In the pipeline industry, the Department of Transportation mandates that pipeline operators provide public service communication to adjacent landowners. Typical compliance involves the operator sending a direct mail piece, providing landowners (and anyone else who may be affected by a pipeline passing through their neighborhood) with important pipeline awareness and safety information (e.g. “Call Before You Dig” instructions and emergency contact numbers).
In light of the recent politicization and negative publicity surrounding pipelines, one operator came to the realization that mere compliance wasn’t good enough. Since pipelines are a critical piece of the national infrastructure, they decided to truly engage their affected communities in frank and open communication and begin to build a relationship with the landowners affected by their pipelines.
Easier said than done. How does a company go about building real-life relationships with individual members of the public? Push out a bunch of social media posts, right? Buy some clever Super Bowl ads, maybe? Nope. This operator went old school.
About three years ago, this operator decided to invite all their landowners to a special social event at a Cleveland Indians game. The event was a success. The number of people in attendance far exceeded the reach of even the most productive of direct mail campaigns. However, the operator still felt they could do better. Their next step was to try an event at the Ohio State Fair. Engagement doubled from the Indians game.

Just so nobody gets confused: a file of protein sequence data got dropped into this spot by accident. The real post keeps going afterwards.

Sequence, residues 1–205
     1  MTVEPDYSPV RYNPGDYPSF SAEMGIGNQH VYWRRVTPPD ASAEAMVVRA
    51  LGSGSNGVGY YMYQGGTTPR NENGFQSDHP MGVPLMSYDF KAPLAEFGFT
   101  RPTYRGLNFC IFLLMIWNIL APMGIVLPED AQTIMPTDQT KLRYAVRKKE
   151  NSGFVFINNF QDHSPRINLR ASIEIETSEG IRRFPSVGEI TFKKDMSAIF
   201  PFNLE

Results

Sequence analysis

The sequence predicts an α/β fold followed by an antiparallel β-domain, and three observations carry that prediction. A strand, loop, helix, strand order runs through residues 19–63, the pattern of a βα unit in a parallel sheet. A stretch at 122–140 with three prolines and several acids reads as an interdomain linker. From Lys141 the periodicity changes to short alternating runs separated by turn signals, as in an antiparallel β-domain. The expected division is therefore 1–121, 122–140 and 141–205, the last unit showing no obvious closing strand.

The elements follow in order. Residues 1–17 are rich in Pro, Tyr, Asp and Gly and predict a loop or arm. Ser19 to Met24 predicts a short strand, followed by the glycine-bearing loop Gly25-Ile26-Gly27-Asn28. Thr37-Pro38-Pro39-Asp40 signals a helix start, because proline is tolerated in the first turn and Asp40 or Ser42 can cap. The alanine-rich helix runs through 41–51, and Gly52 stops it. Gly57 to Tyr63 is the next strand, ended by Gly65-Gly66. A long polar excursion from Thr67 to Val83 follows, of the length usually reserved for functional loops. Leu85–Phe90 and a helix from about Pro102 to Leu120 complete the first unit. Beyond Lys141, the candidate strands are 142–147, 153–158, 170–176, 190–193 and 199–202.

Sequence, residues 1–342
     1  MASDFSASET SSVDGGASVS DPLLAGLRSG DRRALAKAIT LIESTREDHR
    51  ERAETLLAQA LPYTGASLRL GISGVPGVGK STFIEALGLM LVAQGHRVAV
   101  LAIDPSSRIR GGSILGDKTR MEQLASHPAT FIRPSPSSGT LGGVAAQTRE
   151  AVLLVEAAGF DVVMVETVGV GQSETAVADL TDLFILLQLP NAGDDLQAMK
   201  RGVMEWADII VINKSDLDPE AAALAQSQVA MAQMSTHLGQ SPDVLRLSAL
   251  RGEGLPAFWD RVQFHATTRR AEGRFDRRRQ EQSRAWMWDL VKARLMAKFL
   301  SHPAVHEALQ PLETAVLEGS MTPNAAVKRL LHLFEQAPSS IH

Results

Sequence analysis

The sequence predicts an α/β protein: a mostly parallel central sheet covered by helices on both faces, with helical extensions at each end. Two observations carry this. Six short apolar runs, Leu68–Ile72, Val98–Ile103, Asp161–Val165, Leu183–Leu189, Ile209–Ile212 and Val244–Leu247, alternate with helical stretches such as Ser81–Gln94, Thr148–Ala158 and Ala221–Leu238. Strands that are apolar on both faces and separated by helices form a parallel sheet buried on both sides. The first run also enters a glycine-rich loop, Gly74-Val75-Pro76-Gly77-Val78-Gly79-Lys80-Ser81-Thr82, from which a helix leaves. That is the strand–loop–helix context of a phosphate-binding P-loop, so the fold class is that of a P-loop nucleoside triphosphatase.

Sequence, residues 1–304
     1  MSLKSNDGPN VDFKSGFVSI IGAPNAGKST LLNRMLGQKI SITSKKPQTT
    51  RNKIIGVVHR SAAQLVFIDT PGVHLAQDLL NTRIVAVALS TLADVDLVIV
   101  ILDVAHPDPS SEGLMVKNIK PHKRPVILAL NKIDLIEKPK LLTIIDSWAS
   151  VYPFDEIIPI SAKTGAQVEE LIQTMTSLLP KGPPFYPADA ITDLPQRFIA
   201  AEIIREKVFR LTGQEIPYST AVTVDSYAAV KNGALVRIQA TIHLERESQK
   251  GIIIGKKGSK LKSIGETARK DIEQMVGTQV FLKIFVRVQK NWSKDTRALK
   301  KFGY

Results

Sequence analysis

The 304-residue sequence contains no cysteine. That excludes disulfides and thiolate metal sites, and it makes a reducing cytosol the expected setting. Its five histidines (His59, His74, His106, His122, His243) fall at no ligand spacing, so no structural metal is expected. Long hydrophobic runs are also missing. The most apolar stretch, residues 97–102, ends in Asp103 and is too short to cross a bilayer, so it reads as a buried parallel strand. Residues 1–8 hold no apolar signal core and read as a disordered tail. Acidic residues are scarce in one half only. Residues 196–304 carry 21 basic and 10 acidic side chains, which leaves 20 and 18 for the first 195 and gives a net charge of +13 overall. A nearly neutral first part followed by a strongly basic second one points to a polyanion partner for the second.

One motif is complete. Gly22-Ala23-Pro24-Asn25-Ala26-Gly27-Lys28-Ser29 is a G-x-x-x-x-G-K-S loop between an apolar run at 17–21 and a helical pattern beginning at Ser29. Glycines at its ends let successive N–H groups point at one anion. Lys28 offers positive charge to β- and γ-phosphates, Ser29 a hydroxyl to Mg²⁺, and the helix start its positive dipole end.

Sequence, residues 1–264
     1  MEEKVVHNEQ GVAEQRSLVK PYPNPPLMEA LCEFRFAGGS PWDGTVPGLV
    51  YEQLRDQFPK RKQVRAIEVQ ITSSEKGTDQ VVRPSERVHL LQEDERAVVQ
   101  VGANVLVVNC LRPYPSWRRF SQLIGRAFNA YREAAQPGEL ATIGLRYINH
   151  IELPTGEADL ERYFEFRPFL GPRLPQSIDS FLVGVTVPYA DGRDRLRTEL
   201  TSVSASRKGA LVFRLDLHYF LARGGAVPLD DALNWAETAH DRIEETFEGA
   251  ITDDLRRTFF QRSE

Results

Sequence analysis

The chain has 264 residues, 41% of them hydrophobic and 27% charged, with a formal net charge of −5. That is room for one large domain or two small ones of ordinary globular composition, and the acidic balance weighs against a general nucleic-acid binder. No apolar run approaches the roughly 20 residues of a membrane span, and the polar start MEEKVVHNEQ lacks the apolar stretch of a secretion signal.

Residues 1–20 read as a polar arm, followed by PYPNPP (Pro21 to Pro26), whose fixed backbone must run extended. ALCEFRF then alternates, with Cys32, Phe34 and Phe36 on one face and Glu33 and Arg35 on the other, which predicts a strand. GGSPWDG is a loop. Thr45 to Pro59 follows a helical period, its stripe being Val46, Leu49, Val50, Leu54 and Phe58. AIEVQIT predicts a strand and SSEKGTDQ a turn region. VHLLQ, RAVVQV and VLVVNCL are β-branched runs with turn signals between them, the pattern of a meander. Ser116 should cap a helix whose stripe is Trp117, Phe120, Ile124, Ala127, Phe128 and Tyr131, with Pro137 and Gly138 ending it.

Determined to still improve upon their outreach process, this operator decided to involve more of the Midwest. They committed to be the event sponsor for a weekend day at the Indiana State Fair. They rented a pavilion, provided a BBQ lunch, and set up a half dozen informational stations for the landowners to peruse.
In addition to a “Call Before You Dig” station and displays on cathodic protection technology, leak detection/prevention systems, how control centers work, as well as pipe and pipe fittings, the operator asked Entegra to display one of our “smart pigs.” The term smart pig is industry slang for an in-line inspection tool designed specifically to inspect underground pipelines. We were honored to be able to show landowners the robot-like tool we created to travel down the inside of pipelines to assess the current condition of the pipe on a pro-active basis and to identify any areas for possible maintenance.
Keith Bryant, one of Entegra’s National Account Managers, attended the Indiana State Fair event along with our President, Mark Olson. “As an engineer in this field for more than two decades, this event had a big impact on me. It was incredible to have the opportunity to talk one-on-one with so many of the more than 2,000 attendees—landowners that I’ve been working to protect for most of my adult life but had never met!” Olson remarked.
The connections made, and relationships built at these types of events help people in the affected community better understand how the pipeline operators work to efficiently supply the world with the safest possible energy. “Attendees of the event left with a more heightened awareness of the pipelines in their community, and the operator’s active role in daily maintaining their pipelines,” concluded Olson.